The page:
When deciding the best vessel configuration for your marine project, how can regional characterisation help you understand the processes controlling the local climate where you want to work?
On land, the geography of different regions, whether temperate forest, tropical jungle, hot desert, polar ice cap, still open plain or windy mountains, results in very different climates. This can vary not only with location, but season-to-season and year-to-year.
The global ocean covers 71% of the Earth’s surface, and has a similarly wide range of regional and local climates. The relative importance of the various meteorological and oceanographic (‘metocean’) factors contributing to the local marine climate can also vary.
This article outlines the importance of regional characterisation to inform early stage decision making, and to support the specification and interpretation of more detailed metocean studies, when seeking to work in new locations that may be outside of the user’s previous experience.
What is regional characterisation?
Regional characterisation provides a simply-worded, summary overview of the key metocean factors in the wider area around a planned marine operation.
The characterisation will describe the relative importance, magnitude and variability of these key metocean factors, typically including various measures of winds, waves, currents, and water levels. More complex high-energy metocean events such as tropical revolving storms, squalls and solitons are also usually considered. Depending on the type of project, other factors might also be relevant, such as temperature, lightning, visibility and sea ice.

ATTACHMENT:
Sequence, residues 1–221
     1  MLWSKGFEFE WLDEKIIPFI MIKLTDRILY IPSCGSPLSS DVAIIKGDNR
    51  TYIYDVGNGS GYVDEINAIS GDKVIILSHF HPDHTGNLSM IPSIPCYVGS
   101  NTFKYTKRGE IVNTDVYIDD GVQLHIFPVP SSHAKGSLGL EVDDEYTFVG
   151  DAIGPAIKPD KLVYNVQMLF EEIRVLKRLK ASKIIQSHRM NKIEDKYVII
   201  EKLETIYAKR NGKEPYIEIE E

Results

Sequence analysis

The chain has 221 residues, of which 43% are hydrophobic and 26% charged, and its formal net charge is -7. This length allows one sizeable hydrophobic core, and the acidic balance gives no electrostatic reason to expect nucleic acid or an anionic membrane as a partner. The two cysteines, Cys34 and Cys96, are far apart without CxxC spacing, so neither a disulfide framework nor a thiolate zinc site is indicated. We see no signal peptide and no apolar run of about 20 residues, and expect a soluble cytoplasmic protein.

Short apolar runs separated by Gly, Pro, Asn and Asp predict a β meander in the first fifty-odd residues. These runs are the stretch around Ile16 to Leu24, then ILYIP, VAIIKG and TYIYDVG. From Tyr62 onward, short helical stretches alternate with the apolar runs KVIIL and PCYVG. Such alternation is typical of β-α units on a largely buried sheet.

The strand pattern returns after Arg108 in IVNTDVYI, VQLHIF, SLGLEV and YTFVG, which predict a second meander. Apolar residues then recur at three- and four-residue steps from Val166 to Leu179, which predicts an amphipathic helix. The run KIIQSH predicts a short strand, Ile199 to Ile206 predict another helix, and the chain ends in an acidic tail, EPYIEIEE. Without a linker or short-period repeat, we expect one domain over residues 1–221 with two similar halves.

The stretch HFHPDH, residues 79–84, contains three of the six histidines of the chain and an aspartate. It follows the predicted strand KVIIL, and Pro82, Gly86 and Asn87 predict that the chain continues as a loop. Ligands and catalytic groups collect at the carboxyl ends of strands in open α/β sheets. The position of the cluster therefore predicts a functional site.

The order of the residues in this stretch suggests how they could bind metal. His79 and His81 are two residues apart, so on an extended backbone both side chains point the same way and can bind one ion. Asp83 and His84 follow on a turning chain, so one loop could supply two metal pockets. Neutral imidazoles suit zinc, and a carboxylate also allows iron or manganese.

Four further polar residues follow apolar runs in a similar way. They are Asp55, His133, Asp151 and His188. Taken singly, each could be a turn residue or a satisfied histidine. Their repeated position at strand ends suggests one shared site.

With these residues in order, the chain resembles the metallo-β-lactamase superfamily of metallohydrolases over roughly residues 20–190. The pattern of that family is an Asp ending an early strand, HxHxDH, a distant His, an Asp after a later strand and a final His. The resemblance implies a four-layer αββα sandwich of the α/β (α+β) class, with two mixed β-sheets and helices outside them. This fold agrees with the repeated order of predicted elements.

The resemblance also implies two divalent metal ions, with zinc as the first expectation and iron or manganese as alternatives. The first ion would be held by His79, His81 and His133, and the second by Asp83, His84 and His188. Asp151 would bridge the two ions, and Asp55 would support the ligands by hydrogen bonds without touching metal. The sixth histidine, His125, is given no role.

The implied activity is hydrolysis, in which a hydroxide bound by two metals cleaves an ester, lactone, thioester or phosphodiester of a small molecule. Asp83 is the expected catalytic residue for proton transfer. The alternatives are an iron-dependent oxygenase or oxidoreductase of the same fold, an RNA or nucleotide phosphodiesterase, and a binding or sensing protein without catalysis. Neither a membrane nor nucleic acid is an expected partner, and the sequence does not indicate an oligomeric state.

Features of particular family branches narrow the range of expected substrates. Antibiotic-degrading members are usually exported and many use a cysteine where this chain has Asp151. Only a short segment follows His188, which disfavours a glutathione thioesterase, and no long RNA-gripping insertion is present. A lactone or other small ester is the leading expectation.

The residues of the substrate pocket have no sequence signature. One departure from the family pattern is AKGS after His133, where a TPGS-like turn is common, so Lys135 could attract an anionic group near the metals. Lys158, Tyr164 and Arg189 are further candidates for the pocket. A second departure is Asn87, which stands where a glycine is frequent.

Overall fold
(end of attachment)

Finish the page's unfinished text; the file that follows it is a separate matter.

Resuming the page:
A single-climate region is normally sufficient for a cluster of fixed location project(s), but multiple climatic regions might be identified in relation to a moving site of operations (e.g. longer vessel transits).
Regional characterisation does not provide detailed statistics for the region or specific locations within it. The region may therefore encompass a certain range of spatial and temporal variability.
For this reason images, rather than text or tables of numbers, are often used to present a summary of otherwise complex details.
Intuitive, interactive tools like Google Earth allow regional characterisation information to be easily visually interpreted. This image shows patterns of monthly average residual surface current speed and direction for February (based on 10 years of data from HYCOM (click to enlarge)
Why is regional characterisation useful?
Regional characterisation provides a depth of understanding about the processes that ultimately control the everyday working conditions and the overall workability in an area.
With an understanding of regional processes, the nature and patterns of variance in the key metocean factors can be interpreted and anticipated with confidence and flexibility.
This is especially important when working in new areas that may not only have a different climate, but potentially entirely new metocean processes to consider, that may be simply outside the previous experience of the reader.